Both contractors and unions saw Safavian as working to reverse the trend of federal employees winning nine out of 10 job competitions. Contractors have charged that, with that winning rate, competitions tilt in favor of employees and remove any incentive for companies to take part.
Stan Soloway, president of the Professional Services Council, an Arlington, Va.-based organization of more than 185 contractors, said he is worried that Safavian’s absence at OMB will take pressure off of agencies to meet their competitive sourcing goals.
“David was really focused. Without him you lose a little of the pressure and clout,” Soloway said.
He added he expects the administration will continue to support competitive sourcing and replace Safavian with someone else who’s as committed to making the competition process more attractive to contractors.
“The program is at a very delicate point,” he said.
Some labor union officials are happy to see Safavian go. They charge that he leaned too much in favor of the private sector, and they criticized his intervention in some A-76 competitions on behalf of contractors’ interests.
“During his brief but controversial tenure as administrator of the Office of Federal Procurement Policy, Mr. Safavian spoke openly about reopening loopholes that would allow contractors to take work performed by federal employees without requiring any proof that such wholesale transfers to the private sector would generate savings for taxpayers,” said John Threlkeld, assistant legislative director at the American Federation of Government Employees.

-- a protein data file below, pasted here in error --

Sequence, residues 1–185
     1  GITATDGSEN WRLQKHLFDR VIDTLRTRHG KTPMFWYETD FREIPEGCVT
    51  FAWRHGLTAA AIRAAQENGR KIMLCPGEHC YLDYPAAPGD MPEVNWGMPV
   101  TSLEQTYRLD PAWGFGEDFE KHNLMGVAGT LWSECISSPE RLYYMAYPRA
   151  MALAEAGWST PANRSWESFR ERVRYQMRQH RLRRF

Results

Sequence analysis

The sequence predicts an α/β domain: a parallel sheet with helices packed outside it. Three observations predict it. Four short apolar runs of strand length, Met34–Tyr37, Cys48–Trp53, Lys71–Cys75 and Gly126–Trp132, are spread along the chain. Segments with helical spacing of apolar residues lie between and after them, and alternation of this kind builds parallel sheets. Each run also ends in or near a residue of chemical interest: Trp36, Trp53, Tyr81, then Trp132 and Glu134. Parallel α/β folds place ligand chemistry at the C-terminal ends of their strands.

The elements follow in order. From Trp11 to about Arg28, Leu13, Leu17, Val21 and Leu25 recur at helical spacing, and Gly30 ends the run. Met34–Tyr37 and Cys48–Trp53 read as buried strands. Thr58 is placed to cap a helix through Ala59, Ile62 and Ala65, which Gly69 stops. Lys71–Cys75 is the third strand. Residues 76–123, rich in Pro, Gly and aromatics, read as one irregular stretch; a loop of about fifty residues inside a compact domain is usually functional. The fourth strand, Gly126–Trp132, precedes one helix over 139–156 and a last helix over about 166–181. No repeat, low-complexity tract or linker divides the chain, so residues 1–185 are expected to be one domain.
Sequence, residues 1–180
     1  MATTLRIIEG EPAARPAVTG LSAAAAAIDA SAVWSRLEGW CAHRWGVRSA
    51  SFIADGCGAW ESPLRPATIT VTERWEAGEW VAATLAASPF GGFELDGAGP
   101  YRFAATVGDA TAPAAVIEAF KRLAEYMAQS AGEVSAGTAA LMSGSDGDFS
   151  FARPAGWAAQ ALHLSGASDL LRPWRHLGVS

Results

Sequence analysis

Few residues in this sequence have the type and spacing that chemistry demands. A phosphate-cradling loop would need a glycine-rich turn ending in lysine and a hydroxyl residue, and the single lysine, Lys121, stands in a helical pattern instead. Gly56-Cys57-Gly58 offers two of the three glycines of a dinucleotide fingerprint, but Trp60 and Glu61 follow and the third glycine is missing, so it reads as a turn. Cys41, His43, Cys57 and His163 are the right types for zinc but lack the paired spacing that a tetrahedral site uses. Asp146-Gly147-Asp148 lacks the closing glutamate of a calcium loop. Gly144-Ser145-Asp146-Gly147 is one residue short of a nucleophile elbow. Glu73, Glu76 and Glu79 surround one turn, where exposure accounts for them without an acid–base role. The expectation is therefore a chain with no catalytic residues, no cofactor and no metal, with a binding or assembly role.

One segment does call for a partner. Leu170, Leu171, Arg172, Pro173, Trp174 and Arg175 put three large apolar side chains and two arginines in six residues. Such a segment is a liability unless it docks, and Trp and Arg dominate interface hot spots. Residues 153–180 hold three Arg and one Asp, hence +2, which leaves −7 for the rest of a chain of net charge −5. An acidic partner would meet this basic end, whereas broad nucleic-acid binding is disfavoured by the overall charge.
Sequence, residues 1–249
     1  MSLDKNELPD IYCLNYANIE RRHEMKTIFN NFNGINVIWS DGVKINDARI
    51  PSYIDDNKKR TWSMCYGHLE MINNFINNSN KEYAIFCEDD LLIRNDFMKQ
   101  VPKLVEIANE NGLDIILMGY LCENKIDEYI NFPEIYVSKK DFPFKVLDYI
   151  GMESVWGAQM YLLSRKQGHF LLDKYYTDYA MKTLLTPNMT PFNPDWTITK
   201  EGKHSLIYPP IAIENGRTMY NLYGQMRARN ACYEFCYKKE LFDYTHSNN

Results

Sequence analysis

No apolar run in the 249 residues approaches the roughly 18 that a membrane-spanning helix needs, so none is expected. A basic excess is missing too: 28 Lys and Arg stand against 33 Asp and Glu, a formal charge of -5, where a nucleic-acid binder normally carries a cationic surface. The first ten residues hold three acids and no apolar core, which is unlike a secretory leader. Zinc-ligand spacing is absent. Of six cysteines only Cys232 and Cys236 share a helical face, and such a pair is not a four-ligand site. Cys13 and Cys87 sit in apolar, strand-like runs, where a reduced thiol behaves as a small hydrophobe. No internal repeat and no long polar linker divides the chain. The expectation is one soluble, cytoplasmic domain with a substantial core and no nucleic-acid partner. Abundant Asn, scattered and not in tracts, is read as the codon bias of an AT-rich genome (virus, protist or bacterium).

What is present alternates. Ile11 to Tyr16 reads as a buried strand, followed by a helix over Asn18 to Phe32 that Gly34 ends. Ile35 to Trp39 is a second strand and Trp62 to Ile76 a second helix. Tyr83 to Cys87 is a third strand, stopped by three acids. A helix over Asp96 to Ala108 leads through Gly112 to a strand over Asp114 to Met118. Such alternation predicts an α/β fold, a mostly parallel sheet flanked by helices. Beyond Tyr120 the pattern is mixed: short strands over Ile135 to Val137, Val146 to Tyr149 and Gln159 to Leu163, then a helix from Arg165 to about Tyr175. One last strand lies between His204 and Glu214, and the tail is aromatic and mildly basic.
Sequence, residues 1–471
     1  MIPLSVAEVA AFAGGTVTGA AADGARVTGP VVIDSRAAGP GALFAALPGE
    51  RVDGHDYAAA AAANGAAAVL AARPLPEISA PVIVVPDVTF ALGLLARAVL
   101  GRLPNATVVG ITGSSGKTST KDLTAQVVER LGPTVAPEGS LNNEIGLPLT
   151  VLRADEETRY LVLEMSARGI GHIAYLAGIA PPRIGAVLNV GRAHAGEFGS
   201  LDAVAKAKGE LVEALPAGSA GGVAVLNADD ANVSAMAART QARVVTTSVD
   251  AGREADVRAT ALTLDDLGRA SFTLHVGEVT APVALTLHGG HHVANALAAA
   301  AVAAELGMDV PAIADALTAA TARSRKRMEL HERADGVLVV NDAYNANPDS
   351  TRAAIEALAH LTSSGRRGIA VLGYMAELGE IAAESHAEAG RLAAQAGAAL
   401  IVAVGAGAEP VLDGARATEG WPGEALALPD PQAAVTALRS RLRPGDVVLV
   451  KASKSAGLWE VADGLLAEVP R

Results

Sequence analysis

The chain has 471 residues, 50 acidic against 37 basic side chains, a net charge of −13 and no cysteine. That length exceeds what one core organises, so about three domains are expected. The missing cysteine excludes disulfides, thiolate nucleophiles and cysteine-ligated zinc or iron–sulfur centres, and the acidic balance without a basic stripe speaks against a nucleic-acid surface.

Robert Burton, OFPP associate administrator, is managing the office until Safavian’s position is filled.


Wide Net Was Cast for Aid After Katrina
Leaving Day-to-Day Jobs, Federal Workers Volunteer By the Thousands for Duty
By Sam Coates
Washington Post Staff Writer
Thursday, September 22, 2005; A23
Gunfire rattled around the streets adjacent to the New Orleans Veterans Affairs Medical Center, where James E. Aldridge found himself stationed a week after Hurricane Katrina hit.
As the city descended into chaos and many people were still attempting to flee, Aldridge and 33 other members of the U.S. Veterans Affairs Department police force were just reporting for duty.
Their orders: to secure the medical center and fend off looters prepared to wade through the six feet of murky, diseased water in search of booty.
Located just one block north of the Superdome, the officers found themselves in one of the most dangerous areas of the city, with no one to call for backup. In those lawless days before the arrival of the 82nd Airborne Division, Aldridge had been informed that all the city's law enforcement personnel were pulled out each day at dusk. "When we got there on Sunday, it didn't seem like a major American city. It seemed like a war zone," said Aldridge.